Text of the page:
In 1989, Sister Mary Scullion and Joan Dawson McConnon co-founded Project HOME, a nationally recognized organization that provides supportive housing, employment, education and health care to enable chronically homeless and low-income persons to break the cycle of homelessness and poverty.
Project HOME co-founders Sr. Mary Scullion, left, and Joan Dawson McConnon
Under their leadership, Project HOME has grown from an emergency winter shelter into an
organization ending homelessness with 535 units of affordable housing, employment services, and two
social enterprise businesses that provide employment. Project HOME also prevents homelessness
in a low-income neighborhood in North Central Philadelphia. This initiative includes greening vacant lots,
economic development, home ownership for the working poor, a free medical clinic, and the Honickman Learning
Center and Comcast Technology Labs-a 38,000 square foot, state-of-the-art center that offers comprehensive
educational and occupational programming, including an independent K-5 school.
Project HOME is now an international model for alleviating homelessness and poverty on a large scale, and is consistently rated at the highest levels for its fiscal management. Project HOME has won numerous awards, including:
- National Alliance to End Homelessness Nonprofit Sector Achievement Award (2005)
- National Law Center on Homelessness and Poverty's STAR Award for constructive, creative, innovative and replicable approaches to ending homelessness
- Charity Navigator 4-star rating for sound fiscal management (2004-2008, 2011-2012)
- CBS National News recognition as a national model to end homelessness (2006)
- The San Francisco Chronicle recognition as a national model to end homelessness (2004)
- The Denver Post recognition as a national model to end homelessness (2004)
- The New York Times recognition as a national model to end homelessness (2003)
- U.S. Department of Housing and Urban Development recognition as one of the "100 Best Practices" (2000)
- Philanthropy Roundtable recognition as one of the "16 most efficient and innovative charities we know of anywhere" (2000)
Sister Mary Scullion, Executive Director and President
Sister Mary Scullion has been involved in service work and advocacy for homeless and mentally ill persons since 1978. She was a co-founder in 1985 of Woman of Hope, which provides permanent residences and support services for homeless mentally ill women. In 1988 she helped to found the Outreach Coordination Center, an innovative program coordinating private and public agencies doing outreach to chronically homeless persons in Center City Philadelphia. In 1989, she co-founded Project HOME, along with Joan Dawson McConnon, which has become a nationally recognized program providing solutions to homelessness and poverty.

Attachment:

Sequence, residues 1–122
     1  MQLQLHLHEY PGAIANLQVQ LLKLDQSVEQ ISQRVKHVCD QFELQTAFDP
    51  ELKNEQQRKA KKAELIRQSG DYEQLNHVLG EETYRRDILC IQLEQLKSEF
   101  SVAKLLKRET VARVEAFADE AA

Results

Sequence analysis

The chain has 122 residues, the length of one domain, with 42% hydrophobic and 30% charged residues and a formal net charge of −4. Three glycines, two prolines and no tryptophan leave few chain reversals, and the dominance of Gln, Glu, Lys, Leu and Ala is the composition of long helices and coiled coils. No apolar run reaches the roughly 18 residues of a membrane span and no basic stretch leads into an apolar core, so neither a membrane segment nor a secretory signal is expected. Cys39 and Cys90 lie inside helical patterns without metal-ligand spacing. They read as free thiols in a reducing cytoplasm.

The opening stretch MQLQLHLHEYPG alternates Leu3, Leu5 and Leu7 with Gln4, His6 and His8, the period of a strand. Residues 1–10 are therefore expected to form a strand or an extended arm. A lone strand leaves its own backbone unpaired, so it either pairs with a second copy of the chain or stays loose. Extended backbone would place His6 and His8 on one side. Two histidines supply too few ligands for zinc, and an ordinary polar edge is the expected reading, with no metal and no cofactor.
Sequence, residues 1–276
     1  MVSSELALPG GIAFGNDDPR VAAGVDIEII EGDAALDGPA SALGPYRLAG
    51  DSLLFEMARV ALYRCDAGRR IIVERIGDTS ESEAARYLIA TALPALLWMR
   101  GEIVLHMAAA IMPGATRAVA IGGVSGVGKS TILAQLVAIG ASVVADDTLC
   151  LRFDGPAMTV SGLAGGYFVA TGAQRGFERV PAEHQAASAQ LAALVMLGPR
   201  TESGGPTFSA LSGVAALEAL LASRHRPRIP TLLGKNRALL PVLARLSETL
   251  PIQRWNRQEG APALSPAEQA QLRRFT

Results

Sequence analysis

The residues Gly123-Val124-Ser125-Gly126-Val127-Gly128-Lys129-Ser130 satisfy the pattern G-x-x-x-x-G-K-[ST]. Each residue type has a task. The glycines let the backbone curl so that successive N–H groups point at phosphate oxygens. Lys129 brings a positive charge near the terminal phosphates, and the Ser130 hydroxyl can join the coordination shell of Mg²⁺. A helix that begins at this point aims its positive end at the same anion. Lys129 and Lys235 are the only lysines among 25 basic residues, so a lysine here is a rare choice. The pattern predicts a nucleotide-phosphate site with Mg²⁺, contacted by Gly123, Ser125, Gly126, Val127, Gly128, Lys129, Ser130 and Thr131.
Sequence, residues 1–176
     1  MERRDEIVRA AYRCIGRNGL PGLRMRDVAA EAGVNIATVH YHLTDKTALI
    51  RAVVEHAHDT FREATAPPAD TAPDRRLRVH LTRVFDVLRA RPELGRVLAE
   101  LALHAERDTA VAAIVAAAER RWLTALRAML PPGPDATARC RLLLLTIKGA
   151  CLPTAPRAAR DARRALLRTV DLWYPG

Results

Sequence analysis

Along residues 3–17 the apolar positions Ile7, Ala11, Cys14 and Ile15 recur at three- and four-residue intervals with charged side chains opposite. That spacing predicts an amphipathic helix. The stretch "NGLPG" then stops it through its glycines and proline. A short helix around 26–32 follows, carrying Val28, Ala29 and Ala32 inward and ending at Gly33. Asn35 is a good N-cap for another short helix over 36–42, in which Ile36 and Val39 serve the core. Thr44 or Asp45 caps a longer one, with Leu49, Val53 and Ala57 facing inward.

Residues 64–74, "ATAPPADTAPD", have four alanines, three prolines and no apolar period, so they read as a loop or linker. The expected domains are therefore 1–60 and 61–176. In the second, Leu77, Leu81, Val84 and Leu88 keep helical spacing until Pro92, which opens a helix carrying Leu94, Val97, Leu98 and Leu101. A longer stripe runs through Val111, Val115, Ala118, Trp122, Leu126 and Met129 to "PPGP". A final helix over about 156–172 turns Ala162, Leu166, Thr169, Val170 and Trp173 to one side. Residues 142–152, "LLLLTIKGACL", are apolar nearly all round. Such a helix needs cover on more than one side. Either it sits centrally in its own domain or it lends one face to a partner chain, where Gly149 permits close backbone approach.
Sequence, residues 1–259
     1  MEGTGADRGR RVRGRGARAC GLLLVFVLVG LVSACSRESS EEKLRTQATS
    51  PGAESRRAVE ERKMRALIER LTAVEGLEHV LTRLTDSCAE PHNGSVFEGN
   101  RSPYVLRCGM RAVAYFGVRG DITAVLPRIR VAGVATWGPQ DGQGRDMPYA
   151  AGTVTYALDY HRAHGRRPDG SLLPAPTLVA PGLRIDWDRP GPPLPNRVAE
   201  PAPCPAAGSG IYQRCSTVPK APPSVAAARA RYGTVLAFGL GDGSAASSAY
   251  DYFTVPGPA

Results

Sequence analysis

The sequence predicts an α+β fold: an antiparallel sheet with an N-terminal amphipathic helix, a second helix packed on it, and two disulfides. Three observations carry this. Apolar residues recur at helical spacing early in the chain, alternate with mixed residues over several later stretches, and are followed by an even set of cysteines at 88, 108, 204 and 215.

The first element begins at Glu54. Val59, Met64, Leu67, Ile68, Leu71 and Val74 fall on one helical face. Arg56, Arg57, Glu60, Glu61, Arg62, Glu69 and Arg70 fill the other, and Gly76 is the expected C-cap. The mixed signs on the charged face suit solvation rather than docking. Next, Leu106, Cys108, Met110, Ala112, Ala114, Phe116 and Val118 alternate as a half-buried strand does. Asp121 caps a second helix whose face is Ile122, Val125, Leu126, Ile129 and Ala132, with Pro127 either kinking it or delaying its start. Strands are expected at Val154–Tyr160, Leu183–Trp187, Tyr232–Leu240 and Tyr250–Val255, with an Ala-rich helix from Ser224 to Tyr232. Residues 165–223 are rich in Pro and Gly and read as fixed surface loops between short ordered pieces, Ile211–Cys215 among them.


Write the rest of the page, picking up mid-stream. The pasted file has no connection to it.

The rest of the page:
Sister Mary is also a powerful voice on political issues affecting homelessness and mentally ill persons. Her advocacy efforts resulted in the right of homeless persons to vote as well as a landmark federal court decision that affects the fair housing rights of persons with disabilities.
Sister Mary has received numerous awards and honorary doctorates for her leadership in the City of Philadelphia, including the 1992 Philadelphia Award. In 2002, Sister Mary was awarded an Eisenhower Fellowship, and that same year, she and Joan were national awardees of the Ford Foundation's prestigious "Leadership for a Changing World Award." In 2009, she was named by TIME Magazine's as one of "The World's 100 Most Influential People". In 2012, the Philadelphia Inquirer selected Sister Mary as their Citizen of the Year.
Sister Mary serves on the Board of the Jon Bon Jovi Soul Foundation and of CeaseFire PA.
Joan Dawson McConnon, Associate Executive Director and Chief Financial Officer
Upon graduation from O'Hara High School, Joan Dawson continued her education at Penn State University, receiving a Bachelors of Science Degree in Accounting. After graduation from Penn State, Joan received a Master's Degree in Taxation from Drexel University, becoming a CPA in 1983.
Joan worked at both GTE and Corning Glass as an Accountant for 6 years. While volunteering in the various cities where she worked, Joan witnessed the suffering of women, men and children who were forced to live on the streets. When she returned to Philadelphia in 1987, Joan began volunteering at Mercy Hospice and doing outreach work with the Philadelphia Committee for the Homeless. In 1989 she decided to change the direction of her professional life, and began working with others to find permanent solutions to end homelessness. That year, along with Sister Mary Scullion, Joan founded Project HOME In 2011, Joan and Sister Mary were jointly awarded the University of Notre Dame's Laetare Medal, the oldest and most prestigious honor given to American Catholics.
Joan is the recipient of Drexel University's Service to Community Award, the Spirit of Philadelphia and the Catherine McAuley Spirit of Mercy awards.
Joan is a member of the Board of Directors of Regional Housing Legal Services.